# Handling of "Array" or Table for numerical computations with Interpolation

Posted 4 years ago
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 If one has two arrays of equal length, say{x1,x2,.......xn} and {y1,y2,...yn}, how can one combine these into a third array of equal length{{x1,y1},{x2,y2},....{xn,yn}}? This latter is actually an n x 2 matrix. I need this for a purpose which actually may have a more elegant solution than using the above. I need to solve numerically an integral equation with what is called "collision number expansion" (Neumann series expansion), i. e. repeated integration. Using Nintegrate and nested integrals is hopeless already for the first loop, it would require a supercomputer to come up to the second or third iteration.So instead I am calculating my (smoothly behaving) starting function in a number of points (say given xn coordinates), which will become the values yn. Then I use Interpolation because in the next iteration (integration) I need the value my function at points other than xn, this comes from the nature of the problem. But if I use Interpolation only on the yn, then the independent variable will not be my xn, only the natural numbers 1.2...n. Then of course I cannot perform the integration, since I lose contact with my individual dxi values. This is what I thought to solve with the above trick, since if I use Interpolation on the point pairs, then my interpolated functions will have the correct x co-ordinates. Any advice? Thanks!
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Posted 4 years ago
 Does that help? ... I would do it that way, but I think there must be another way to make it easier... x = {1, 2, 3, 4}; y = {3, 5, 7, 9}; z = Table[{FromDigits[Take[x, {n}]], FromDigits[Take[y, {n}]]}, {n, 1, Count[x, _]}] .. or another case.. x2 = {{1, 2}, {2, 4}, {3, 8}, {4, 16}}; y2 = {{3, 6}, {5, 10}, {7, 14}, {9, 18}}; z2 = Table[{FromDigits[Take[FromDigits[Take[x2, {m}]], {1}]], FromDigits[Take[FromDigits[Take[y2, {m}]], {1}]]}, {m, 1, Count[x2, _]}]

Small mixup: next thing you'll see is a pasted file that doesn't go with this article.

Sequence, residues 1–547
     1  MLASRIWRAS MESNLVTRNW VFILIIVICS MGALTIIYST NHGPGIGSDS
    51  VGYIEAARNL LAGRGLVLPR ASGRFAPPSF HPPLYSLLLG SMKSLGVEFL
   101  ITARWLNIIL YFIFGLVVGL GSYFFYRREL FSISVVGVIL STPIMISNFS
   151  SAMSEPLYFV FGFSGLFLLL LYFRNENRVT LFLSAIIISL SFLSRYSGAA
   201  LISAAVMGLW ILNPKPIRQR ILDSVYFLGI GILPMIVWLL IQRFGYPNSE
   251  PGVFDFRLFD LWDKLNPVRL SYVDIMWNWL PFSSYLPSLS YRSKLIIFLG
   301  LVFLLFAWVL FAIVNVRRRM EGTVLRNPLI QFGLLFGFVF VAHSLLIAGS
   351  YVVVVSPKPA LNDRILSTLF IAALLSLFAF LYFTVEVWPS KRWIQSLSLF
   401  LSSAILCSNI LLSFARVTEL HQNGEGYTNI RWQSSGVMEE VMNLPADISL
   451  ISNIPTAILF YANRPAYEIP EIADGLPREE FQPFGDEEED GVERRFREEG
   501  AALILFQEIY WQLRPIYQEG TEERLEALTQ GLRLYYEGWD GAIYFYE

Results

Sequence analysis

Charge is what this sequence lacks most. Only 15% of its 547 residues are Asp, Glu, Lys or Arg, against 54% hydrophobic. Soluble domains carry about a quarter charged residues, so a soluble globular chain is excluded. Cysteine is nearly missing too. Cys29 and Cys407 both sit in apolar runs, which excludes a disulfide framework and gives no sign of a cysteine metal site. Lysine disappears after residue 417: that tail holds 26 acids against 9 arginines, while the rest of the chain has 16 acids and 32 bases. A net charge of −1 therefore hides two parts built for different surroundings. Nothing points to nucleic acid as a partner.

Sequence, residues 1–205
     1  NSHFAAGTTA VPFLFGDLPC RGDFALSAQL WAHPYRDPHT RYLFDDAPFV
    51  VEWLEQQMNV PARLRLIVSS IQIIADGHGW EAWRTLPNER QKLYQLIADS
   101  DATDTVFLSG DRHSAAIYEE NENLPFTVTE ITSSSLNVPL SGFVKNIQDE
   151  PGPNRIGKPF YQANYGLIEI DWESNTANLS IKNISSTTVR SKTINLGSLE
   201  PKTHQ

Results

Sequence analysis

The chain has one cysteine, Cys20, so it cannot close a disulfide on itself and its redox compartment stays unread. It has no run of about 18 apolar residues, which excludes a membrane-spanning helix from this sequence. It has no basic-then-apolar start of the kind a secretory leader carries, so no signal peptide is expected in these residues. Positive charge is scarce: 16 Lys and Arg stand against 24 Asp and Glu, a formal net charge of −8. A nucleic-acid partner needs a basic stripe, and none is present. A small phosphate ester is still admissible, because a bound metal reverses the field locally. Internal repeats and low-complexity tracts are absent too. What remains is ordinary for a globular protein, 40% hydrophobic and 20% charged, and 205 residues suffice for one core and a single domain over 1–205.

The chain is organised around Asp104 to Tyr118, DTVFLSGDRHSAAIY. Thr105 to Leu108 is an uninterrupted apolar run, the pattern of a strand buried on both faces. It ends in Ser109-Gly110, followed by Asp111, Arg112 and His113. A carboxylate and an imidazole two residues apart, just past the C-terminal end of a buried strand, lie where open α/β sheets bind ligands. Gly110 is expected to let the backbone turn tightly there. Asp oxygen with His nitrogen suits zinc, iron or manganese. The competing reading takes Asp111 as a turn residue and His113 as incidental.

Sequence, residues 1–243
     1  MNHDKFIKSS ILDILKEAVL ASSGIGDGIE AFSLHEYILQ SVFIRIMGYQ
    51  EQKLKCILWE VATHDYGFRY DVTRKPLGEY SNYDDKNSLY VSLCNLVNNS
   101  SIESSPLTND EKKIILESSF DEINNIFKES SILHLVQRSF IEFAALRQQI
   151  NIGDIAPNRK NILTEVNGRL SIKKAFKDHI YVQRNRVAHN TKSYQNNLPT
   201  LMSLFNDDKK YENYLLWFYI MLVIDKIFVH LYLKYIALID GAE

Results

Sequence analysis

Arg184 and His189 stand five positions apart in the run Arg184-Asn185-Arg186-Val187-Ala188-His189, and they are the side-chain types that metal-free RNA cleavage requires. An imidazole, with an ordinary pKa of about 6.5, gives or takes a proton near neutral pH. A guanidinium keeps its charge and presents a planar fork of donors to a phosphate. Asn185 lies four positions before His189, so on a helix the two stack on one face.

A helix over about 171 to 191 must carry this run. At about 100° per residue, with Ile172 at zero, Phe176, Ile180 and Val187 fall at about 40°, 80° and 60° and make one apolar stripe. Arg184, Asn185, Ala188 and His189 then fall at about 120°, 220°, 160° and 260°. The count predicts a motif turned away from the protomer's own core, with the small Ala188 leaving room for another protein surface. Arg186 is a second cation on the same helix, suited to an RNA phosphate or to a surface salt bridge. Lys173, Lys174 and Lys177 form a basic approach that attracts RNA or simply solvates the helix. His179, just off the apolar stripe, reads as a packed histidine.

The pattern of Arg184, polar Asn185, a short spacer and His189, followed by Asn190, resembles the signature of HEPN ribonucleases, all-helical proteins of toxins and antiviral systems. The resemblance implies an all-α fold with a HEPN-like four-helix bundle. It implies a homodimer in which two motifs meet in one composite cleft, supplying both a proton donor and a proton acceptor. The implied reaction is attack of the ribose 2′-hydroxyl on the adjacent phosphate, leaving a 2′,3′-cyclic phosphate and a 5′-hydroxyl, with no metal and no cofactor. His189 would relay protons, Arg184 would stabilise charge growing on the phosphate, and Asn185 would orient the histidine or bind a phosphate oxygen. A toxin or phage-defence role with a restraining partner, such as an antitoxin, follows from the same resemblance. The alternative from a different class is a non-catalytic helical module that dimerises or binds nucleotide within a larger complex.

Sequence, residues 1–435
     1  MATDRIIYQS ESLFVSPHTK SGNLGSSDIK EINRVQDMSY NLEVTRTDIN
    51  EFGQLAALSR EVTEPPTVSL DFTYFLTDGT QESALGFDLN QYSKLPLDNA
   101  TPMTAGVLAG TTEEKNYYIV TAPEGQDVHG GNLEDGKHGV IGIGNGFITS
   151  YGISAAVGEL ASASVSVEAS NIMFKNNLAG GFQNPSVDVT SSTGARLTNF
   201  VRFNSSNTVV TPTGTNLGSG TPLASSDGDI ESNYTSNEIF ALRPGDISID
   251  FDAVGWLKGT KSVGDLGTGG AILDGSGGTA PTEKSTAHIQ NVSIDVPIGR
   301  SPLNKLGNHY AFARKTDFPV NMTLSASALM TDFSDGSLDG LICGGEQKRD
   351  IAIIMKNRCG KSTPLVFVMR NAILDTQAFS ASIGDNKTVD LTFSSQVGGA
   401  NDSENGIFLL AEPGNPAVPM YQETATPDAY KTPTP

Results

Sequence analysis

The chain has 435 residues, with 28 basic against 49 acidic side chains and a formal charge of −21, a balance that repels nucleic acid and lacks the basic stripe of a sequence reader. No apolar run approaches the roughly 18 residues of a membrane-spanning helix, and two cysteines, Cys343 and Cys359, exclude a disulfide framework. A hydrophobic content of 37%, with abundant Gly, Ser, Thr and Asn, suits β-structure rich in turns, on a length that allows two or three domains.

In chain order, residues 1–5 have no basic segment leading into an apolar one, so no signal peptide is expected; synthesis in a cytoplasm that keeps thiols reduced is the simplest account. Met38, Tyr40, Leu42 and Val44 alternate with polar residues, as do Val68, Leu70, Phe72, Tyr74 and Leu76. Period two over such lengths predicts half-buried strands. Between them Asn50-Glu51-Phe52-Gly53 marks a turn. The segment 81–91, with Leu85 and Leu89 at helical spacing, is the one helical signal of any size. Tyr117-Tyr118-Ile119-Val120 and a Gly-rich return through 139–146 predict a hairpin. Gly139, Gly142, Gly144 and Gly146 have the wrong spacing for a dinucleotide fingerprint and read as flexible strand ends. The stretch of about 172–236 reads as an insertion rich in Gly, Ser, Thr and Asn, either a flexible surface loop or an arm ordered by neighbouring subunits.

Posted 4 years ago
 Yes it definitely does the job, thank you! In the meantime I came to yet another one: x = {1, 2, 3, 4}; y = {11, 12, 13, 14}; z = Table[1, 4]; Do[z[[i]] = {x[[i]], y[[i]]}, {i, 4}]; z {{1, 11}, {2, 12}, {3, 13}, {4, 14}}Let us see if there will be more comments. Intuitively I feel that the problem with Interpolation should have a more streamlined solution, but these are sufficient for me to go ahead with the integrals. Thanks again!
Posted 4 years ago
 Note that in the table to not have to manually put the number of terms ( "4 "), you can put Count [x, _] so that it is something automatic.
Posted 4 years ago
 That is also useful, thanks!Now I think I came to the simple solution I was looking for, to make the array that I need: x = {1, 2, 3, 4}; y = {11, 12, 13, 14}; z = Transpose[{x, y}] {{1, 11}, {2, 12}, {3, 13}, {4, 14}}I still believe there is a more elegant solution for the Interpolation problem, but for the array building this is good enough.
Posted 4 years ago
 In[61]:= x = {1, 2, 3, 4}; y = {11, 12, 13, 14}; z = Thread[{x, y}] Out[62]= {{1, 11}, {2, 12}, {3, 13}, {4, 14}} 
Posted 4 years ago
 This is even shorter, thanks!
Posted 4 years ago
 My idea would be:x = Range[1 , 5] ; y = Range[6 , 10] ; combxy = Table[ { x[[ i ]] , y[[ i ]] } , { i , 1 , Length[x] } ] ;